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«DEFENSE SCIENCE BOARD SUMMER STUDY TASK FORCE ON INFORMATION ARCHITECTURE FOR THE BATTLEFIELD DTlC OCTOBER 1994 S ELECTE APR I 0 1995' G i 95-01137 I ...»

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AD-A28 6 745

REPORT OF THE

DEFENSE SCIENCE BOARD

SUMMER STUDY TASK FORCE

ON

INFORMATION ARCHITECTURE

FOR THE BATTLEFIELD

DTlC

OCTOBER 1994

S ELECTE

APR I 0 1995'

G

i

95-01137

I MMON STATMM

D Approved tot public rele;am Distribution Unlimited

OFFICE OF THE UNDER SECRETARY OF DEFENSE

FOR ACQUISITION & TECHNOLOGY

WASHINGTON, D.C. 20301-3140 19This report is a product of the Defense Science Board (DSB). The DSB is a Federal Advisory Committee established to provide independent advice to the Secretary of Defense. Statements, opinions, conclusions and recommendations in this report do not necessarily represent the official position of the Department of Defense.

This document is UNCLASSIFIED.

Security review completed 28 November 1994 by OATSD (Public Affairs) Directorate for Freedom of Information and Security Review.

(Reference # 94-"-4704)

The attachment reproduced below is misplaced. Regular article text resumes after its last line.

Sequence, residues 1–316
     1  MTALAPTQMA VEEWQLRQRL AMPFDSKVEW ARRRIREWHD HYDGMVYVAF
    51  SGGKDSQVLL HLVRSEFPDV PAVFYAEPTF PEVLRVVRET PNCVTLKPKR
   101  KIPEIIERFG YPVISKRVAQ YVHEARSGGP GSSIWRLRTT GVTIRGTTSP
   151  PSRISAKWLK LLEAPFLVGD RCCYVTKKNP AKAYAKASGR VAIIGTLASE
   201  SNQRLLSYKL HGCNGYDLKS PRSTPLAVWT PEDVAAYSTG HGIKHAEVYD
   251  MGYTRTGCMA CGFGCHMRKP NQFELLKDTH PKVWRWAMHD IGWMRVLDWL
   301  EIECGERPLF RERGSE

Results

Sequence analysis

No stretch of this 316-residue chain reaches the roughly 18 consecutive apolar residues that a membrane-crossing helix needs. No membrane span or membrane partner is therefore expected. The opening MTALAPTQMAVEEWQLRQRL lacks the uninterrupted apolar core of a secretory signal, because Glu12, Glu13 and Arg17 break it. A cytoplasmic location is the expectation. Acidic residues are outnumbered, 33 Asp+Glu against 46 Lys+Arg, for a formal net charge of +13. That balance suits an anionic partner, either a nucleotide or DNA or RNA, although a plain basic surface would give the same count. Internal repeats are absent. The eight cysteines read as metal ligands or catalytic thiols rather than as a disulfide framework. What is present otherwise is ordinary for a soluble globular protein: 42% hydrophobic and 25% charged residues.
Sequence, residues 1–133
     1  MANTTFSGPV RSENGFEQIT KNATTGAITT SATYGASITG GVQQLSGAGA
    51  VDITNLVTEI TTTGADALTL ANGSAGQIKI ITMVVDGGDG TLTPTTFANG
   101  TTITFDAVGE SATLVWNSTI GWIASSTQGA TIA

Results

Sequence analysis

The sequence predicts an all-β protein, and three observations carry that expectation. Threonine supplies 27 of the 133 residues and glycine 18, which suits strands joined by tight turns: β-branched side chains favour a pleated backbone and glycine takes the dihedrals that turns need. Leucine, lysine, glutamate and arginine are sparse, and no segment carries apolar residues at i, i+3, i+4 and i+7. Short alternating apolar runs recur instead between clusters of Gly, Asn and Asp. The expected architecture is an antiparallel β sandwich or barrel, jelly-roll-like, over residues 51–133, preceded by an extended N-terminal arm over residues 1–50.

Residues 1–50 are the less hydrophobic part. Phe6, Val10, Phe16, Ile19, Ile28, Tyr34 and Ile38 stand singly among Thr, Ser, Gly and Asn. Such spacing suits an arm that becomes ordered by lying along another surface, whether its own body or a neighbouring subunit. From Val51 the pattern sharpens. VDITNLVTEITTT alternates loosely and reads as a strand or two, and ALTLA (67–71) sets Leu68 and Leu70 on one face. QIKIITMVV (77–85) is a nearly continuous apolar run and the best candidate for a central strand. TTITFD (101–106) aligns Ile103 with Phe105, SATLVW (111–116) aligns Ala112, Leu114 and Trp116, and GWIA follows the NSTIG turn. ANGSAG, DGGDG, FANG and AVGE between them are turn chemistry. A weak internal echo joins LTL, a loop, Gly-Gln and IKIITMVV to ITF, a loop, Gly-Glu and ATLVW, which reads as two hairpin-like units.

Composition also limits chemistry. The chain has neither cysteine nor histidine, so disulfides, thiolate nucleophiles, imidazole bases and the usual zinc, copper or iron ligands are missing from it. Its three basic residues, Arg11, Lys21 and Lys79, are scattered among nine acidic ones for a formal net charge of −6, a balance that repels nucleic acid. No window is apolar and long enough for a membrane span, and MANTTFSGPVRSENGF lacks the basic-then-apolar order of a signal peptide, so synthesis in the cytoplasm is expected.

OFFICE OF THE SECRETARY OF DEFENSE

WASHINGTON. D.C 20301-3140 DI NDV 1994

DEFENSE SCIENCE

BOARD

MEMORANDUM FOR UNDER SECRETARY OF DEFENSE (ACQUISITION &

TECHNOLOGY) SUBJECT: Report of Defense Science Board Summer Study Task Force on Information Architecture for the Battlefield I am pleased to forward the final report of the Defense Science Board Summer Study Task Force on Information Architecture for the Battlefield which was chaired by Dr. Craig I. Fields and General James P. McCarthy. This study was chartered to develop recommendations on implementing an information architecture to enhance the combat effectiveness of theater and joint task force commanders.

The Task Force's key findings and recommendations are summarized in the report's executive summary. While the Services and agencies are making good progress in developing programs to improve battlefield information interoperability, continued systemic improvement is needed to ensure a flexible joint information structure is achieved. A broader warfighter involvement in the development of joint requirements for battle